PC Culture

Animal-Crackers Box Criticized for Not Dismantling Capitalism

(Grocery store: Lucy Nicholson/Reuters)
The obvious question is: Why would anyone want to dismantle capitalism in the first place?

According to a new piece in Vox, Nabisco’s just-redesigned animal-crackers box deserves criticism because it does nothing to “dismantle” capitalism.

In case you missed the (very important) news, Nabisco listened to pressure from PETA last week and removed the cage from the design on the box of its animal crackers. It was truly a giant step for humanity. I’ve been eating and sleeping better just knowing that these imaginary animals have been freed from their imaginary captivity.

In all seriousness, though, this was a politically correct PR stunt aimed at pleasing a politically correct crowd. It did absolutely nothing to help anything or anyone, because the animals in question don’t even exist. But as ridiculously PC as it was, it still wasn’t good enough for one writer at Vox . . . because it did nothing to “dismantle” capitalism.

“The symbolic significance of changing the animal cracker box design does little to dismantle the elements of capitalism that exploit animals, people, and the environment,” Daisy Alioto writes in the piece.

“When art in advertising bears the burden for corporate malpractice, the people involved in these changes get to feel good, but other mechanisms continue to thrive under the surface.”

Alioto goes on to note that the CEO of Mondelez, Nabisco’s parent company, “was making 402 times more than the company’s median worker” before stepping down last year. “This level of corporate greed cannot be fixed with a new box design,” she concludes.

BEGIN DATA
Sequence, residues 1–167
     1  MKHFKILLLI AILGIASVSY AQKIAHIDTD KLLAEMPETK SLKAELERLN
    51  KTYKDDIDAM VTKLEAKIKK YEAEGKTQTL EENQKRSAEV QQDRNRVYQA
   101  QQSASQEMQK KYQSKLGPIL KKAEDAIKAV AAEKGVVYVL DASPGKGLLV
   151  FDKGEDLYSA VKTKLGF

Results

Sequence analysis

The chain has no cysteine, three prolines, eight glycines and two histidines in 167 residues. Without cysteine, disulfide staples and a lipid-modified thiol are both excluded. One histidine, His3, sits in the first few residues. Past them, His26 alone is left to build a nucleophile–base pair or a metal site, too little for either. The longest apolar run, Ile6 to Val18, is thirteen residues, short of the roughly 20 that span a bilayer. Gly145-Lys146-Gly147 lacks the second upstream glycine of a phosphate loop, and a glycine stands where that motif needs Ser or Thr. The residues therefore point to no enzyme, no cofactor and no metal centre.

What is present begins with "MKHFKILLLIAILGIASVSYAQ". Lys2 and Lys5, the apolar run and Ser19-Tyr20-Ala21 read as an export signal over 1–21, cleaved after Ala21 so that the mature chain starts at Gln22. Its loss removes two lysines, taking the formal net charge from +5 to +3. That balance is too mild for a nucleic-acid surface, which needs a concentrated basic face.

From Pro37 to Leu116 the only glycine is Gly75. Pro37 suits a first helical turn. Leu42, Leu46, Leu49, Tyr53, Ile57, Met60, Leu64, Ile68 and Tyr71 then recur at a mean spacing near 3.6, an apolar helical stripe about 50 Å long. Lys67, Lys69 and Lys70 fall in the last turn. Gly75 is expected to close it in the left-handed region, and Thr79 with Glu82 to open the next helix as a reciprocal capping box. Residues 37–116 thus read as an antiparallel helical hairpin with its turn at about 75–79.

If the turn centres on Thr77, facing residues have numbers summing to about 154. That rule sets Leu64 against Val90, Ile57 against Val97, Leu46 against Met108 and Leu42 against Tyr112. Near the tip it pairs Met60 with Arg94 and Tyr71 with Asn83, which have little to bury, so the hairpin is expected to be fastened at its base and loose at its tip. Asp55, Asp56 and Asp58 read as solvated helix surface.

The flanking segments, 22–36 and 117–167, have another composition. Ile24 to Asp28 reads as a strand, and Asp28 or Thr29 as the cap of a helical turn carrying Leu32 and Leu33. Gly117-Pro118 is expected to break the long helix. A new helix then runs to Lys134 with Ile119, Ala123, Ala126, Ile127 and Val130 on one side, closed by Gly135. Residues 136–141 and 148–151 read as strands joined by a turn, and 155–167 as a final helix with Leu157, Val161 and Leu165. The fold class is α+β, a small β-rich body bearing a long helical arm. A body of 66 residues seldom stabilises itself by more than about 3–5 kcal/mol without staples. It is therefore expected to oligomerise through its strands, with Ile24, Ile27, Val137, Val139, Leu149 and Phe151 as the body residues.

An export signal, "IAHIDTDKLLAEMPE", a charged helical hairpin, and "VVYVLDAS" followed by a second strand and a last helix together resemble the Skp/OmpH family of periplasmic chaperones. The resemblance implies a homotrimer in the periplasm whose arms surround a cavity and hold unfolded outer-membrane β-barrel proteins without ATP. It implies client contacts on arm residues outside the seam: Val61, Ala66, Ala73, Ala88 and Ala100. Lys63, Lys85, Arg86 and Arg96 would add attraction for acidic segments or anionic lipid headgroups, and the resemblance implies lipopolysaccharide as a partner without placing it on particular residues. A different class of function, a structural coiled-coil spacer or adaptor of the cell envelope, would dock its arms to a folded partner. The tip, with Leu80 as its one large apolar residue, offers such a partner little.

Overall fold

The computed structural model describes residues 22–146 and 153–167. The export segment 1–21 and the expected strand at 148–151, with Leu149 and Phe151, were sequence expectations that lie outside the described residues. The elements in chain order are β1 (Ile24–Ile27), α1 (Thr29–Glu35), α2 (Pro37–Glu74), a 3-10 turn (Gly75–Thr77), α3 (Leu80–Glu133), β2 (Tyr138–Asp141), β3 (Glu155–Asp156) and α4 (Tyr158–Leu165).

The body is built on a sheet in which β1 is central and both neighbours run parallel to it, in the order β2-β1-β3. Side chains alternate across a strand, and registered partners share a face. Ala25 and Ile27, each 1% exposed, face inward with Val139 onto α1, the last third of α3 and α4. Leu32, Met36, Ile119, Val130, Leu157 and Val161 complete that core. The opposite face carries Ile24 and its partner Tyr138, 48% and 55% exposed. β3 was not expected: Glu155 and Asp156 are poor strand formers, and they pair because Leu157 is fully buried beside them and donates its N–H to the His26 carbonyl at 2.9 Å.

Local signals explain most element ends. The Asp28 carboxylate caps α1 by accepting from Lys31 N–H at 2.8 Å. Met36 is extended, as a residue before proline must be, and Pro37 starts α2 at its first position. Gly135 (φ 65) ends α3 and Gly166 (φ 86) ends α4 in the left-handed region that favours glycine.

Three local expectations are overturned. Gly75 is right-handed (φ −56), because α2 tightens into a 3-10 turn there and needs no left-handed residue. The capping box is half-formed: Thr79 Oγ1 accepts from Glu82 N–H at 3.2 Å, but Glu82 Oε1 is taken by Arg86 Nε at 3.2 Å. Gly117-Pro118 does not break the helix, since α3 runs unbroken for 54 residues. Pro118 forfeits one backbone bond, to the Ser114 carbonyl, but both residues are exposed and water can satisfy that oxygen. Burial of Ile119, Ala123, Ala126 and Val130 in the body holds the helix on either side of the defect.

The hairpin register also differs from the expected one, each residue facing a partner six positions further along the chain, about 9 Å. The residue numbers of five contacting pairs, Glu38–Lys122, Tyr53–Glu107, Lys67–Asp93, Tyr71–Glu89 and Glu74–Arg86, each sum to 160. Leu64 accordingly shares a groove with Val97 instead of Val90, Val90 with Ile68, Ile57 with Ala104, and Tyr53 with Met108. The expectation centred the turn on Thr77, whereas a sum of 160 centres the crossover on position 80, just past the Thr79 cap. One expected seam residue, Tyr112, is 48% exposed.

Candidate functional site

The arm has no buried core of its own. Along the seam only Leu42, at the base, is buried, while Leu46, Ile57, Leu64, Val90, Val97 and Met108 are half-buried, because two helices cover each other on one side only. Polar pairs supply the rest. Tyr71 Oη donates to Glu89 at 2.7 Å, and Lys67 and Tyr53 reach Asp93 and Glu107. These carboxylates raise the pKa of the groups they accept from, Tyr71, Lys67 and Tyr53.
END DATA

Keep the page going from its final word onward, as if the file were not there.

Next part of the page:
On one point, Alioto is right: It would actually be impossible to stamp out capitalism with a single box design. This, however, is exactly why her complaining about the animal-crackers box is ridiculous.

To be fair, Alioto’s piece contains other gripes about the new design. For example: She admits that the old design had some sentimental and personal value for her, since her own great-granduncle designed it, and she doesn’t think it should have been changed since it’s not going to change anything about the world anyway.

On that point, I can sort of agree. The designs on an animal box are not going to actually change anything, so it seems a little nonsensical for them to have been changed. Where I strongly disagree, however, is with her idea that it’s a bad thing that this box design is not going to dismantle capitalism. Why? Because capitalism is awesome. We should count ourselves lucky that our system is one with incentives for innovation and efficiency, one where both consumers and businesses have more choice and freedom than in any other economic system.

If you’re upset about your family’s legacy being destroyed by the new design, then fine. But if you’re upset because the new design doesn’t destroy capitalism? Well, then I think you need to educate yourself a bit more and be careful what you wish for.

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